Green Converts Better
It’s way, WAY too easy to distracted by button color.
It’s almost inherent to the human brain — designed to get consumed from moment to moment by button color, by what font your CTA is in or by any number of other minutiae when we don’t yet have a single customer.
Most of us know that we do this. We confidently author blog posts about how other people should know better than to get stuck on a single tree, once again missing out on the entire forest.
Duh! So obvious.
But when the next Button Color Dilemma comes along in our own life, whether it’s really about button colors or about what camera to buy or what picture to use as our Facebook photo — or we’re all over that shit.
By now, we are familiar with the energetic cost of facing many decision points each day. It tires us out. It’s distracting. It makes us more prone to inertia etc etc. In short, it’s the devil.
Yet it’s right there in everyday life, in every life — even for me, even for you.
Complexity is inevitable, and no one is exempt.
Complexity is energizing, because it gets us thinking. But it’s also paralyzing, and prevents us from doing.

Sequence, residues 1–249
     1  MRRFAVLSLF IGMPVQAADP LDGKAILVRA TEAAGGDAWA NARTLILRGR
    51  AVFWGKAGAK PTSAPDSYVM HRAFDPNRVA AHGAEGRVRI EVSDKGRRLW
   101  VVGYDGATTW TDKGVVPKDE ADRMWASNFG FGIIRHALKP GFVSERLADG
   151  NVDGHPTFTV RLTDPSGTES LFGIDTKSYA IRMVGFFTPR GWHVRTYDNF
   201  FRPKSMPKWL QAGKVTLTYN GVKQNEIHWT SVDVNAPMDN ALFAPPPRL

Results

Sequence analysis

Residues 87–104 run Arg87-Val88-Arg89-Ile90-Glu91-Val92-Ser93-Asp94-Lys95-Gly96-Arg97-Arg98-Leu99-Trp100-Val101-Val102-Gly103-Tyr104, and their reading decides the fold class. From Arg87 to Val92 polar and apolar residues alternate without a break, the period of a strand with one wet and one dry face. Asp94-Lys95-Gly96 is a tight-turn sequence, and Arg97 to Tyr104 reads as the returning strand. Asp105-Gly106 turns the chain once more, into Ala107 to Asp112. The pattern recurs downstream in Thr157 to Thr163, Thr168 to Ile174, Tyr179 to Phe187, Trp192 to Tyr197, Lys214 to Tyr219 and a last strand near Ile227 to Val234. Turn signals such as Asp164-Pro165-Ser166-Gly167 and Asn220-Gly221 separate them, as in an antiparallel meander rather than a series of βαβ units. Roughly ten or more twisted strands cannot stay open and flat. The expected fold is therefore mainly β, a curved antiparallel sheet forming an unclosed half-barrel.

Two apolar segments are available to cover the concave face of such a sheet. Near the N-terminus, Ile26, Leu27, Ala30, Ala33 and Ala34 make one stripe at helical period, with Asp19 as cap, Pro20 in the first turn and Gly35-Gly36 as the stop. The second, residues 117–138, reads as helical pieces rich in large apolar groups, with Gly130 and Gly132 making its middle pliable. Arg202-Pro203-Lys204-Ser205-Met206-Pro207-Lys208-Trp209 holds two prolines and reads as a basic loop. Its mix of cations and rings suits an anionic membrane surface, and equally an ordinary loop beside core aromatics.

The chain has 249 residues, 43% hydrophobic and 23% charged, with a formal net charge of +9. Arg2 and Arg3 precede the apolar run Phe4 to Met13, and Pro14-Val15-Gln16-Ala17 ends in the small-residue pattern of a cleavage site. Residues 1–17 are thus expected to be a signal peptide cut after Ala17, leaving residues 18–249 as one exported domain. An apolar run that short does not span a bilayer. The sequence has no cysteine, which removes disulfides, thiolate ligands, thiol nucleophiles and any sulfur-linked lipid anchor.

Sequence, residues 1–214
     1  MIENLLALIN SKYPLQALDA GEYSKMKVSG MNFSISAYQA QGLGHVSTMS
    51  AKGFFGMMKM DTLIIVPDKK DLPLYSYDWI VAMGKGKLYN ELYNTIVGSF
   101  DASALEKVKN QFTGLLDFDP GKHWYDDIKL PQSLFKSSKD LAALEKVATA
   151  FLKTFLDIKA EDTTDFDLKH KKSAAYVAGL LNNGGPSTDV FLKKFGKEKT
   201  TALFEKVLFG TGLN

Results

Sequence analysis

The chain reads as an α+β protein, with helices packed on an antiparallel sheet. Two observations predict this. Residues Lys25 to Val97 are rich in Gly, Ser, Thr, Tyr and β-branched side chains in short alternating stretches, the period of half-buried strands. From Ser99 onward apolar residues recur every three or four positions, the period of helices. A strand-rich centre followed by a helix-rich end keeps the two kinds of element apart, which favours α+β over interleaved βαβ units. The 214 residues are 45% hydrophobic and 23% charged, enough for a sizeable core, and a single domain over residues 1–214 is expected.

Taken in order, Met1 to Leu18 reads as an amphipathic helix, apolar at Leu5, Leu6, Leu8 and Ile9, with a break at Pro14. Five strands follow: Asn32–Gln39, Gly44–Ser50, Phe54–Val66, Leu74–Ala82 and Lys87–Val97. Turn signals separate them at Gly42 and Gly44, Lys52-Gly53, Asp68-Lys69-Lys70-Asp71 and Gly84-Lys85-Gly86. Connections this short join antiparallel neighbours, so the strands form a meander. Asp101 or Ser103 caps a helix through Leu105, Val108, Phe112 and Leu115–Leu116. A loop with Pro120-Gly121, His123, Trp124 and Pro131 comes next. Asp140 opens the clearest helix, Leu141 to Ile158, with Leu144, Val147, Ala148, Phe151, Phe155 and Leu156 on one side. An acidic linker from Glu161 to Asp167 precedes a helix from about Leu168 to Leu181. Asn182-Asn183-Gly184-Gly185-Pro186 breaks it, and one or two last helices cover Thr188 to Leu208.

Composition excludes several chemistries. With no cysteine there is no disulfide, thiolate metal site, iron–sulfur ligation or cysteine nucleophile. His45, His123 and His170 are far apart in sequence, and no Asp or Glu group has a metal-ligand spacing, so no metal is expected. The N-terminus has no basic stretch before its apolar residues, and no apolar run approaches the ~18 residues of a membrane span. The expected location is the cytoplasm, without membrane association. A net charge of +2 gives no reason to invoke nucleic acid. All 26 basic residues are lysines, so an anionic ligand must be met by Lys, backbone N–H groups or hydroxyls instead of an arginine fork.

Because I personally can be extra prone to randomness, and lots of starts with few completes, I’m currently experimenting with applying one of the most effective git-r-done operational frameworks from growth marketing, applied to the (even!) bigger questions in life.
The One Metric That Matters
For me, my One Metric That Matters is being free. Becoming more and more free — inside — every day, in every moment.
Although freedom is a big category with lots of distinctions depending on the person, to me it’s a yes-no question.
This is the key to making the One Metric That Matters work for you. Yes, or no. Go, or no-go.
Does this make my inner person more free?
Does this choice move me — the me that doesn’t always have a voice, the me that not everyone sees — towards greater freedom inside, or away from it?
It’s a stark question, and if I’m honest, I always know the answer.
Go / No Go
If complexity is rationalizations, then simplicity is truth. Simplicity makes it hard to be untruthful, and hard to procrastinate.
Once you’ve ascertained your One Metric That Matters, many Big Things become incredibly simple, and hard to ignore — you cannot unsee.
In my own experiment, so far, it’s been pretty effective.
I live around the world, I do interesting work with people who are both very smart and very kind, my schedule and location can be anything I want it to be most days of the year, and I’m emotionally stronger and more vibrant than I ever used to be.
I am more free than I used to be. (It’s working…!)
Organizing around my One Metric That Matters has helped me to align my many scattered wants and dreams, and win a few hands against the incredible inertia that often envelopes my life.
At the end of a day, in your quiet moments, what is your One Metric That Matters?
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